In 2011, two decades into a career defined by a wide array of settings and styles, mostly as a sideman and sometimes working on electric keyboards, pianist Craig Taborn released Avenging Angel, a stunning solo piano debut for ECM. The recording firmly established Taborn as a first-tier innovator and redefined the possibilities of solo piano. His music swelled and receded in unpredictable ways; it alternated moments of intense, rhythmically forceful clusters with elegant passages of great subtlety. Often it was as if you were at the shore, at times squinting into the distance to focus on the beauty at sea and at others completely inundated by it.
During the next decade Taborn refined his style both in small groups as a leader and in piano duets with fellow trailblazers Kris Davis and Vijay Iyer. On Shadow Plays, he returns to the solo format with a live concert recorded at the Wiener Konzerthaus in Vienna, where the concert was billed as “Avenging Angel II.”
Shadow Plays begins as subtly as Avenging Angel. You’d be advised to turn up the volume or you might miss the nuanced highlights at the beginning of “Bird Templars,” the 17-minute track that opens the recording, as the music begins sparsely, building toward gale force, then retreating with elegance. That pattern is repeated on one other lengthy track, “Shadow Play.” Meanwhile, Taborn’s lighter side shines on the whimsically titled pair, “Discordia Concors” and “Concordia Discors.” The program closes with the graceful sophistication of “Now in Hope,” which is followed by a thunderous ovation, suggesting that the demand for Taborn’s solo work may be too strong to let it go another decade before he revisits the setting.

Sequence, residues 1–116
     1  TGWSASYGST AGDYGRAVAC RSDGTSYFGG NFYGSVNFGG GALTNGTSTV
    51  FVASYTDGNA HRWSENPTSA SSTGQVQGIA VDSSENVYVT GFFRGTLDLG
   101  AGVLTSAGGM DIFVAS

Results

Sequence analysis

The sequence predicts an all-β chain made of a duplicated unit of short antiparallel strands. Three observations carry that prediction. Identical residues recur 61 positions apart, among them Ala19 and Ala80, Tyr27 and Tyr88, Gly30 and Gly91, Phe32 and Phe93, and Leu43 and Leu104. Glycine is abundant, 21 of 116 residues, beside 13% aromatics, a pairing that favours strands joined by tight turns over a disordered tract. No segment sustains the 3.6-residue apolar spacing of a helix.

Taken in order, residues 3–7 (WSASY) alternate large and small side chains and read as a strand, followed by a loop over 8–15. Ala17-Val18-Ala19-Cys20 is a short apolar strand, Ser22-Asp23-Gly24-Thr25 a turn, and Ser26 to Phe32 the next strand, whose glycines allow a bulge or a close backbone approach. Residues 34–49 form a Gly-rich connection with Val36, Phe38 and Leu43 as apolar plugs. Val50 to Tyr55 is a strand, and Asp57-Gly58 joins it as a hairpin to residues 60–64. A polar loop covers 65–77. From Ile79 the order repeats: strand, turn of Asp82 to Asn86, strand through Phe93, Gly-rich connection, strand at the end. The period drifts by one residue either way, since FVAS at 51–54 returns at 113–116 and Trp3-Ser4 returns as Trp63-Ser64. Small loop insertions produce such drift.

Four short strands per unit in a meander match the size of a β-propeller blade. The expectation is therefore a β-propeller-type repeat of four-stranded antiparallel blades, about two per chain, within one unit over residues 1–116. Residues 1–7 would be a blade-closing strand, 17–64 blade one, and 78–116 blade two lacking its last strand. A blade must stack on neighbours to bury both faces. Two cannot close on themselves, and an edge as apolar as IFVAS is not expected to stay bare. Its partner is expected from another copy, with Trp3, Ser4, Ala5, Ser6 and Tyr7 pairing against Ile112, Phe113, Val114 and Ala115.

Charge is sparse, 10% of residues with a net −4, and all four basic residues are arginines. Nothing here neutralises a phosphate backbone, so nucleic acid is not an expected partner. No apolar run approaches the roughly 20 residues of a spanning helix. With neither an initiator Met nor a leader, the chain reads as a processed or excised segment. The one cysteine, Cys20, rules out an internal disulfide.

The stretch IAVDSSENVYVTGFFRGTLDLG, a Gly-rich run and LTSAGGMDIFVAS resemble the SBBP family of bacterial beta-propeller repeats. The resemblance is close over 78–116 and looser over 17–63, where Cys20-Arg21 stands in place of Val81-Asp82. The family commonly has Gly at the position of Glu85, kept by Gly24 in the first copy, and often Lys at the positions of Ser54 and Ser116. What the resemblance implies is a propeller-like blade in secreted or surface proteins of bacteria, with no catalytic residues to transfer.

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Craig Taborn Unveils Experimental Composition 60 X Sixty